When Grail Pens Become Grail Sets - Collecting The Impossible

Probably something I've always known, but realize more so now is that I'm probably a bit on the compulsive side. I am usually pretty logical (almost to a fault), but when something fascinates me I feel a need (compulsion) to educate myself about, pursue, and ultimately experience most of what that "thing" has to offer.

There have been a few posts around the pen community from time to time about the pursuit of "Grail" pens. Below are links to a few: 

My Pen Needs Ink

Ken Crooker

Pen Economics

Ed Jelley

With some obvious reference (albeit religious in nature which hopefully doesn't drive too many people nuts) to the mythical crusade in search of the cup Christ used at the Last Supper, seeking out a grail pen could mean different things to different people. It could be price, scarcity, rarity+condition, etc.

What I mean by rarity+condition is that maybe it is fairly easy to find one of your grail pens, but they all seem to be in really poor condition. Perhaps you're looking for something NOS (new old stock) that is as mint as the day it came from the manufacturer, even if decades later. I've been bitten by the NOS bug for sure, but generally that means you'll be paying a bit more to get what you want.

Maybe they only made a very small number and there are few surviving examples... Whatever your grail quest is about, it can be your own.

The title of this post suggests taking the grail pen journey to a different level: grail sets.

If you've been following the blog for quite some time you'll know that I went through a pretty heavy patch (understatement) of buying and reviewing vintage rOtring pens. Ok, I went nuts about the brand for a time. At one point my collection of vintage rOtring pens was near 25 or so, but slowly over time I parted with many until I'm now down to about 7 or 8 "core" rOtring pens I know I'll use and enjoy. Even though I bought a lot of them, I'm not sure I ever had the idea in my head that I needed one of each or anything like that.

There are some other pens that I'm finding a need to complete... which is proving difficult, but a fun challenge.

The Striped Pilots

Once the rOtring thing died down a bit for me I found myself enamored with vintage steel Pilot pens like the MYU, Murex, Custom, and Elite. Such a fascinating time in pen manufacturing.

While I have bought a good range of these pens, there is a specific sub-group of them that has really gotten ahold of me. For a time in the early 70's, Pilot produced a specific style of these pens in a black vertical stripe pattern which I find absolutely stunning.

They produced several different pens in the line with this design:

Ballpoint, Mechanical Pencil, Custom, MYU, Feltliner, and Capless (notice this one is not pictured...)

Once set side by side, they are just an amazing looking group of design and pen history and I am smitten by them.

Some of the regulars that come up are the striped MYU and Custom, but you'd be surprised at just how scarce the others are. I could go months and months without catching a glimpse of the others on eBay or other sites.

I received the striped pencil from an awesome reader and Instagramer, Nic (@NIC_V5) who knew I was on the hunt, and I'm so appreciative he gave me the opportunity to get it from him.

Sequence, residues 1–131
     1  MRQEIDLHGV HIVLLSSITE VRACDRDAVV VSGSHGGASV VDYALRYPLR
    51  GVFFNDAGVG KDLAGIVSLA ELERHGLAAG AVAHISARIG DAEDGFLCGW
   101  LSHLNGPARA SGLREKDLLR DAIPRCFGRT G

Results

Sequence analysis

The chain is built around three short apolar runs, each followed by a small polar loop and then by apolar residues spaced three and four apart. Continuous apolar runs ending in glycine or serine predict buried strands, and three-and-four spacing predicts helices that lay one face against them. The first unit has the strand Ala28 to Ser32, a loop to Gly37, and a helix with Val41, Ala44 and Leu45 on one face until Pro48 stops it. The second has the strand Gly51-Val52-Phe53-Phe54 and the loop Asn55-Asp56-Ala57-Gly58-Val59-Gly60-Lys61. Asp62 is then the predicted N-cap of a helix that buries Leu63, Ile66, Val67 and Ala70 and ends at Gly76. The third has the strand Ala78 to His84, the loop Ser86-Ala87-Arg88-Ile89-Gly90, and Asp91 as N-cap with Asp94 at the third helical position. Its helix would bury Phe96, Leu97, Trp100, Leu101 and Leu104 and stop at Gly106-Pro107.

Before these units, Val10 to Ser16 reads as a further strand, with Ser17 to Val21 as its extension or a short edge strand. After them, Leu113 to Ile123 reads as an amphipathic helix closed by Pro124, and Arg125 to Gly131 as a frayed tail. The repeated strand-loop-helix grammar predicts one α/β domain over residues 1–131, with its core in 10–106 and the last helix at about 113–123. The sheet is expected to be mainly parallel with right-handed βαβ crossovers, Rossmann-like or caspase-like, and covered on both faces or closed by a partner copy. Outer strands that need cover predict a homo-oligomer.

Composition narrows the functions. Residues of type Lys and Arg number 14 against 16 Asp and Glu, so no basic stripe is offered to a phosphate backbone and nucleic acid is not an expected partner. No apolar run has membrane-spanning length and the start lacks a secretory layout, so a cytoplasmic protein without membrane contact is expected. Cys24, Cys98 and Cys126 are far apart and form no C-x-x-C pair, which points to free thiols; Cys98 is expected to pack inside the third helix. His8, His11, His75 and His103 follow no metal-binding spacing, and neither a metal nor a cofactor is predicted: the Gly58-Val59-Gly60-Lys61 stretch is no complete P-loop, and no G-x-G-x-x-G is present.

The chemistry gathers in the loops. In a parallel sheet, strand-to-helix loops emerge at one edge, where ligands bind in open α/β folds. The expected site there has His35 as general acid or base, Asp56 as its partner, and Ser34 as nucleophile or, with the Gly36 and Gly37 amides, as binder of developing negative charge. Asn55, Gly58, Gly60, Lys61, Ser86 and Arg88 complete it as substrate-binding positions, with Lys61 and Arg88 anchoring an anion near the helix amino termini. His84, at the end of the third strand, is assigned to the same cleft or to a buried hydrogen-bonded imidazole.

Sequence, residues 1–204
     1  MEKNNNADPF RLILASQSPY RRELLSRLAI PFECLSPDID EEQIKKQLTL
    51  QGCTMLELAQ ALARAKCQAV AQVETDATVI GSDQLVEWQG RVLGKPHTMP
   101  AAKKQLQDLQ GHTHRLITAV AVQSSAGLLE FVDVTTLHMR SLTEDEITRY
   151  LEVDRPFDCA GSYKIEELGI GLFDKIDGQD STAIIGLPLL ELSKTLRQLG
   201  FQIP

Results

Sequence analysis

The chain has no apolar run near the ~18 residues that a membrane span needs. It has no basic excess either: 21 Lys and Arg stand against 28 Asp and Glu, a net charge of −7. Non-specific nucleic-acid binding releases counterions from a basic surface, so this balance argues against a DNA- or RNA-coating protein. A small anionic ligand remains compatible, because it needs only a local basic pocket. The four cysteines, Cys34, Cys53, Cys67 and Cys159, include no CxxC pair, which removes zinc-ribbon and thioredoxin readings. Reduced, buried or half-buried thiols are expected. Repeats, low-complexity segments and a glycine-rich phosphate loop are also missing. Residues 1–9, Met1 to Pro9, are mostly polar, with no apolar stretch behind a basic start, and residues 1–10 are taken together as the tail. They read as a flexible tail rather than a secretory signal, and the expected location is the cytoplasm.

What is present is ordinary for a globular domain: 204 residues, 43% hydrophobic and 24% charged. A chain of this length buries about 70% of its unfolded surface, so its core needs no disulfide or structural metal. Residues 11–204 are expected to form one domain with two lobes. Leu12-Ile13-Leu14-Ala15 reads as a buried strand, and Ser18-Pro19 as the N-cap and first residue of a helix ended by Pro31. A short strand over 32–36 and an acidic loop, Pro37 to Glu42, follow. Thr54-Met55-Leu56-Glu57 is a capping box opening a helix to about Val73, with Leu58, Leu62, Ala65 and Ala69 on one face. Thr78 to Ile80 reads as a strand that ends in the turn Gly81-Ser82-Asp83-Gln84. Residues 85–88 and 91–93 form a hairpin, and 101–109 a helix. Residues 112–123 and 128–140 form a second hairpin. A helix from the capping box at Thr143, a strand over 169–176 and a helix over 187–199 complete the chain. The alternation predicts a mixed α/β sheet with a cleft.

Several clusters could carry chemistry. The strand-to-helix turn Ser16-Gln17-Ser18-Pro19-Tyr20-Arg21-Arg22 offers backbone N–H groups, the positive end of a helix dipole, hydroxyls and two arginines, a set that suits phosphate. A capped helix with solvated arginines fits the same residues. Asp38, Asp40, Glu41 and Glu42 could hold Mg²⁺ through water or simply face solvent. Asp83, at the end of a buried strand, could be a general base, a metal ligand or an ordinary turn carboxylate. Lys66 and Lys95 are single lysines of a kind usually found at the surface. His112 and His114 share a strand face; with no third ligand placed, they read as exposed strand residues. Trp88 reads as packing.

Oddly enough I found the feltliner and ballpoint in two separate auctions on eBay in the same week, although they are also super rare it seems.

The Capless (retractable fountain pen) version is my true-true grail pen it seems. I've only seen them pop up once every few months or so, but when they do they are either in terrible condition or they end up going for really, really high prices (that I'd just need to be comfortable paying). It isn't even that attractive of a pen, but it is fantastic... and I need it.

The LAMY Unic

The other bug I was bitten by over the last year and a half was the LAMY Unic, a discontinued line of slim, cylindrical ballpoints and fountain pens designed by the beloved Gerd A. Müller, the father of the iconic LAMY 2000 that we cherish.

One of the things that makes the Unic different is that the ballpoint versions have a telescoping tip which retracts in and out. The clip is sort of bolted on and carries a very "Müller-esque" appeal. It was created in the early 80's, held on for probably about 15 years or so, but was ultimately pulled from production. Not sure why, but info is pretty scarce.

Now, getting your hands on just ONE Unic can seem somewhat daunting enough, but how about trying to acquire all of the possible variations? Probably crazy.

What I discovered pretty quickly from an Instagram friend, Marcel (@marcellix), was that the ballpoint came in four finishes/materials: stainless steel, matte black, titanium coated, and gunmetal. And from what I could find the fountain pen came in matte black and stainless, but I'm not entirely sure about the other finishes.

Wow. Even with only six potential pens to find, I knew I had my work cut out for me.

Take a moment to go on eBay and search "LAMY Unic" and see how many come up... not many, and usually always in the matte black. And, expensive.

Now that my quest was started, Marcel was kind enough to help me get going with a matte black set and eventually a titanium coated, but I was on my own for the others.

I later found a stainless steel fountain pen on ebay that I scored for a solid deal (which also had a gold nib to boot), and got a stainless ballpoint from an auction house in Germany I think.